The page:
Anglican Samizdat

March 2, 2009

The Anglican Church gets no respect

Filed under: Anglican Angst,bishops gone wild — David @ 2:37 pm

And it’s little wonder.

Michael Coren points out that:

Just as it’s usually only beautiful people who pretend that good looks don’t matter, it’s generally the rich who tell us that money isn’t particularly important. Well, it is if you don’t have any. And those drowning or swimming for their lives in the current economic storm know that unemployment, pay cuts and evaporating savings are more than mere dents in their hobbies. So when, for example, various Anglican and Roman Catholic leaders in Britain said recently that there were in fact “positive aspects to the recession” they were dismissed as religious clowns and out-of-touch dreamers.

And goes on to say:

The sudden realization that material wealth is transitory and that earning, spending and saving are as much symptoms as they are solutions should lead us to grapple for the greater and grander things in life. Such as God, faith, family, community, the spiritual and the knowledge that this is the land of shadows and that real life hasn’t begun yet.

Add an Image

Bishop of London impersonating Jack Nicholson

This is entirely true; such worldly enticements as wealth and power are a distraction from life’s important questions: why are we here and what happens when we die? Once the distractions are removed, we are often forced to confront that which we have been assiduously avoiding. Regrettably, the buffoons in charge of the Anglican Church are ensnared in the very net from whose clutches the vulgar masses have been freed – accompanied by a chorus of clerical rejoicing.  The bishop of London, Richard Chartres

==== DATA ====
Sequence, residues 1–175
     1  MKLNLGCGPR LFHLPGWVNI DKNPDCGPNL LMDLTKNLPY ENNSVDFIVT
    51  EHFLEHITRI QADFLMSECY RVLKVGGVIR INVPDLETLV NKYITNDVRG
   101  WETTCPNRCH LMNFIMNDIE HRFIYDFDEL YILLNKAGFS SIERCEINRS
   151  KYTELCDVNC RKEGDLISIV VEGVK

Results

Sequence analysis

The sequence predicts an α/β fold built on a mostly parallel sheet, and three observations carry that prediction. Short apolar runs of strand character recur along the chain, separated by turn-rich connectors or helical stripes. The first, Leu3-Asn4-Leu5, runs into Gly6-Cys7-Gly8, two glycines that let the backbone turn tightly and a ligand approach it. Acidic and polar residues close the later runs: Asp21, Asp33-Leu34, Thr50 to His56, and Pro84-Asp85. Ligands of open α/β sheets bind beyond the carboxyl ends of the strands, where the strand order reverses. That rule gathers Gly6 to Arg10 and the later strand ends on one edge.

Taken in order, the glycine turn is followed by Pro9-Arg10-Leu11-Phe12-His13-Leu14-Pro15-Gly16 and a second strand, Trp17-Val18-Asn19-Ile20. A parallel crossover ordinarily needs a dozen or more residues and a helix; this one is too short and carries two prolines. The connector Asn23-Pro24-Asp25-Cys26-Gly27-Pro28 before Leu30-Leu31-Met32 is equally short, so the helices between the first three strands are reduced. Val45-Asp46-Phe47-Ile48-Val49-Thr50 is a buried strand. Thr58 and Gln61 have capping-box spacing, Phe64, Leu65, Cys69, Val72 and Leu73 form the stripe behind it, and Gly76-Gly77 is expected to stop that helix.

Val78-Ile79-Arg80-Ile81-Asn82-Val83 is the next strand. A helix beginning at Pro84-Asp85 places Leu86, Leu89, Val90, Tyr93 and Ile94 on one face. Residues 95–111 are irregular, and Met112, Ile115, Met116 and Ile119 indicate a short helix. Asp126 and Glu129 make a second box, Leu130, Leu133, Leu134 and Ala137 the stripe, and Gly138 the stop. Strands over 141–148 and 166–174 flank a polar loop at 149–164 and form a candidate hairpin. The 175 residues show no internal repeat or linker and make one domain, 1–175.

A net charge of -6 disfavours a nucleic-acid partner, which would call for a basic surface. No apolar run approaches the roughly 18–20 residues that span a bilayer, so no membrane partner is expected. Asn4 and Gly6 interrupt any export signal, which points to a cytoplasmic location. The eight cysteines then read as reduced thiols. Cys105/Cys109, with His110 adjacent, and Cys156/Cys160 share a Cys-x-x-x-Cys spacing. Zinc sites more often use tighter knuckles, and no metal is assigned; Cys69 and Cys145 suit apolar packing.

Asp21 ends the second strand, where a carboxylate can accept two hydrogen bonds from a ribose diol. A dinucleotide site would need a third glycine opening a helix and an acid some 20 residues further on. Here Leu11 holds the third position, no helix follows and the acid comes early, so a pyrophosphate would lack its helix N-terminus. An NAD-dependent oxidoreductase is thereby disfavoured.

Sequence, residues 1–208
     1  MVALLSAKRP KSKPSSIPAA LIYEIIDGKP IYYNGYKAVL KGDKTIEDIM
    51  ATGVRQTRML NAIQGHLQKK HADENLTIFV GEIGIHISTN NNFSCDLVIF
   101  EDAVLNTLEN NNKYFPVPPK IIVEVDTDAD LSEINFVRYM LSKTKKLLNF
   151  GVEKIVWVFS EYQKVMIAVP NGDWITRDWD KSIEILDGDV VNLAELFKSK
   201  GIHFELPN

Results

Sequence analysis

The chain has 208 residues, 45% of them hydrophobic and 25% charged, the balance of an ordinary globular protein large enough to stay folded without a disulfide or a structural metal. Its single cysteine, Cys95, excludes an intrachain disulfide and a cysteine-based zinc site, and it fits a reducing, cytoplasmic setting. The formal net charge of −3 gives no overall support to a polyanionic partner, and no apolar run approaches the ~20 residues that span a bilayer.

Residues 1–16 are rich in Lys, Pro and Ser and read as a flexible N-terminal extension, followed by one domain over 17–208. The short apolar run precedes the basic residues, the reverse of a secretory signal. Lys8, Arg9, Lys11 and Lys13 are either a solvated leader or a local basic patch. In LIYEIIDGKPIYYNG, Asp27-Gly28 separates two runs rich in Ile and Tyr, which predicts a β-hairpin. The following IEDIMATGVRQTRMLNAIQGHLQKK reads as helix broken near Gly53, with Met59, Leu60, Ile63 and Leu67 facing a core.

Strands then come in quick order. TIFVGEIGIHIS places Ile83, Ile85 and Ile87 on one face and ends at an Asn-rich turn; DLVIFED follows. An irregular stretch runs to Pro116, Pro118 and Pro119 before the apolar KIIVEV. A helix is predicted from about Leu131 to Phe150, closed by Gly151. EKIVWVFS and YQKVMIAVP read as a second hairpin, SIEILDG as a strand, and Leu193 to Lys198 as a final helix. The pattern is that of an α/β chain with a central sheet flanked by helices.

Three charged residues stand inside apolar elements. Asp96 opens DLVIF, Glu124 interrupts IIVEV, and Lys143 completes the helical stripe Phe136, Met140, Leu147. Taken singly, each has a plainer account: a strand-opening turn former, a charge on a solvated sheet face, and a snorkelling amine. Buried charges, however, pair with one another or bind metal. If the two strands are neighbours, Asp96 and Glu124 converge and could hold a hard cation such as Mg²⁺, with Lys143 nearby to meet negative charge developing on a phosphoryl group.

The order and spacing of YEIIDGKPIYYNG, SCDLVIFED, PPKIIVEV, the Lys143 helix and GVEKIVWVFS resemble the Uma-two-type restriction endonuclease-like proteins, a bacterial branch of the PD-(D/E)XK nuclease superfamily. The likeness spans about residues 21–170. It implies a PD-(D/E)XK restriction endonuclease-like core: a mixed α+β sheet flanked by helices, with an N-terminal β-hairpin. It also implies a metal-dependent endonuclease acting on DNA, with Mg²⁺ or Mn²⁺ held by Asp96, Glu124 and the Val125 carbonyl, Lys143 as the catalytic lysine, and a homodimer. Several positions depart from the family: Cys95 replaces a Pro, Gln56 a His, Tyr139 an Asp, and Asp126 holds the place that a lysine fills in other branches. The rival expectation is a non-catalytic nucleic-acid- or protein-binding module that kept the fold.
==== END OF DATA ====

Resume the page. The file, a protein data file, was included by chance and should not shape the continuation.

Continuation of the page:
is paid a stipend of £57,040 a year. However, he and his family live for free in the Old Deanery, a Grade I-listed Wren house next to St Paul’s Cathedral. The apartment was refurbished for him at a cost of £300,000 in 1995. At the time, Dr. Chartres, a father of four, said the accommodation used by his bachelor predecessor was inadequate and that he needed a larger residence fit for “a public person involved in public life”, rather than a “suburban villa” for an “office wallah”.

And with nary a blush had these words of comfort to offer the “office wallas”:

he suggested that some of those who lost their jobs “seem to be relieved to get off the treadmill” and to consider the other things in life. Dr Chartres suggested that the credit crunch could give Britons a chance to “reboot our sense of what a truly flourishing human life consists of”. The bishop, the third most senior figure in the Church, added: “It is difficult to know whether to sympathise more with those who have lost their jobs or those who are left carrying even greater loads with higher targets and fewer colleagues.”

The sooner the bishop of London is relieved of his ecclesiastical treadmill, the better. Perhaps he would gain some perspective.

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1 Comment

  1. Yet another reincarnation of “Let them eat cake…”

    Comment by Jim Muirhead — March 3, 2009 @ 12:26 pm


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